Scientists have reported the successful eradication of hepatitis C in patients using two new antiviral drugs, raising hopes of a possible cure.

The study is one of many from a number of drug companies racing to develop an effective combination of oral, direct-acting antivirals that can be used to treat hepatitis C without interferon, which can have unpleasant side effects and means months of treatment.

Interferon-free combinations contain drugs that attack different steps in the hepatitis C viral life-cycle, so that viral replication can be interrupted and quickly reduced, allowing the body to rapidly eliminate hepatitis C from the liver and the blood.

The latest study offered a combination of two drugs – sofosbuvir and ledipasvir – to patients, with a 97% success rate.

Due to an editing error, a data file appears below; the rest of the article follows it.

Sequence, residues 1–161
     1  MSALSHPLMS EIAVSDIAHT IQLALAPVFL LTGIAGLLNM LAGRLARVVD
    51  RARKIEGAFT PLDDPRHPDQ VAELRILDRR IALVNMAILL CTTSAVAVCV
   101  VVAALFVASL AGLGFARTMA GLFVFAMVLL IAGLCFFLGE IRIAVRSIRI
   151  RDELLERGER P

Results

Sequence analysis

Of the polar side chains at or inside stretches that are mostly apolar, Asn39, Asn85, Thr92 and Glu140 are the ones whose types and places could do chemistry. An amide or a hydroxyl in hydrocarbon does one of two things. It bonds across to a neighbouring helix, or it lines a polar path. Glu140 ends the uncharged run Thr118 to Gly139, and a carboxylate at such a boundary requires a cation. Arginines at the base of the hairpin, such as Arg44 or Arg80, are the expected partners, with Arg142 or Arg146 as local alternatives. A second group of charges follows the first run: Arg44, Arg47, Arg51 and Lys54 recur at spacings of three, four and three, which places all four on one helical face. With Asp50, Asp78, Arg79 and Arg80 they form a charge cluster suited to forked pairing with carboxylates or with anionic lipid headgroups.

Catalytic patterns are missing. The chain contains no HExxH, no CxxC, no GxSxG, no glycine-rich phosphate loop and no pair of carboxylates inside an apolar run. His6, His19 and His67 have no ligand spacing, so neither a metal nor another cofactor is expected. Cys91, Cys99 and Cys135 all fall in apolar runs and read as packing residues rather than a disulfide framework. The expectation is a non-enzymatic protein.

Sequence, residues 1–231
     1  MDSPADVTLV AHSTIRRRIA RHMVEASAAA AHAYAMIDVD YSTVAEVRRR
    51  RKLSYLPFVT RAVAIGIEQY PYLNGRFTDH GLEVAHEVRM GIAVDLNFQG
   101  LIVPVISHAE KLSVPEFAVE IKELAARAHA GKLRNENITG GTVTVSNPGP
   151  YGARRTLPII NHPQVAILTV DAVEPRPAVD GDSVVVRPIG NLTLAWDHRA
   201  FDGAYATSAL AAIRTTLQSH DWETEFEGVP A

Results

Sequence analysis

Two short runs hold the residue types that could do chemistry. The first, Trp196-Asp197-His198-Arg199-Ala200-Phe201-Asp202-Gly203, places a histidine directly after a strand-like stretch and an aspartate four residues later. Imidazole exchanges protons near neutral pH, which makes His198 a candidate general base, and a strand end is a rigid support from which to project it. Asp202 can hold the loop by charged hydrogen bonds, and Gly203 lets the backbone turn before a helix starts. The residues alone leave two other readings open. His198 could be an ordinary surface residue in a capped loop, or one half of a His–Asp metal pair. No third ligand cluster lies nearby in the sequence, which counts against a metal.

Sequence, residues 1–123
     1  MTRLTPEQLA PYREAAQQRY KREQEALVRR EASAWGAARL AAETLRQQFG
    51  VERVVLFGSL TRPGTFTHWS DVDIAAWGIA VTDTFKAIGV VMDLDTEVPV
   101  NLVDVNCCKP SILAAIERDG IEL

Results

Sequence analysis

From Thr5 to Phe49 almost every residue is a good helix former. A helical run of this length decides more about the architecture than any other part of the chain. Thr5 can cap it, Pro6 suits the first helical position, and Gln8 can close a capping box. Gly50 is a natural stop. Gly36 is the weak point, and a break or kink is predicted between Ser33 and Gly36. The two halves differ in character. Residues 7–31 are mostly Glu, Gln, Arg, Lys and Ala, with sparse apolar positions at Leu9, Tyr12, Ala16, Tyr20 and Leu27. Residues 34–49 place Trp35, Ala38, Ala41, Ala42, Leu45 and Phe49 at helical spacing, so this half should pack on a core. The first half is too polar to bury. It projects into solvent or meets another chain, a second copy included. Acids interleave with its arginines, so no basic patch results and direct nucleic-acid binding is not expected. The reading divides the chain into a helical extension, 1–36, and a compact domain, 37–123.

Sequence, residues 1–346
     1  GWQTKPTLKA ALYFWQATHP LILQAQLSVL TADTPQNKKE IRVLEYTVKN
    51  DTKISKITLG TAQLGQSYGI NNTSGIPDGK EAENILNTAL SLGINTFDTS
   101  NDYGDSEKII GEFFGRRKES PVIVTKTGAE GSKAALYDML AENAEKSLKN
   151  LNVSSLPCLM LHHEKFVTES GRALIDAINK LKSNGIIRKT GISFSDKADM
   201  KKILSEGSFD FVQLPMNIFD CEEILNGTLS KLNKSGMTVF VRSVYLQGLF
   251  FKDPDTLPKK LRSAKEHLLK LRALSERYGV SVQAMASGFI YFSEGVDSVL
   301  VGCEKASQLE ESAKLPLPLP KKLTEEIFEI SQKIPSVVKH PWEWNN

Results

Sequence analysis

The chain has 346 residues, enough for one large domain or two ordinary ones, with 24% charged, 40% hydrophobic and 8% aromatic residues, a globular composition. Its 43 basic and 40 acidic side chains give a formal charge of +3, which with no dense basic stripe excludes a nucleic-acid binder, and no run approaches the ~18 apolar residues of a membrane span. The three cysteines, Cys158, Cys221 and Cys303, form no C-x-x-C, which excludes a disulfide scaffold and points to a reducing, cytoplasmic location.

More people in the US are living with — and dying from — hepatitis C than HIV. The lead investigator of the trial, Dr Eric Lawitz, said that the medicines were tested among patients with the most difficult strain of the virus to treat, type 1. Some already had cirrhosis of the liver, or had failed prior therapy with protease inhibitors, and were considered among the most challenging patients to cure.

In the study, which was funded by Gilead Sciences, the amount of hepatitis C virus in patients’ blood samples dropped sharply after only just a week of treatment with the combo drug. After a six month follow-up check, 97% of the patients had completely eliminated the virus from their blood.

Professor Margaret Hellard, of the Centre for Population Health at the Burnet Institute in Melbourne, Australia, commented: ‘The study was a Phase 2 study: while impressive, it is important to wait for the results of further trials.’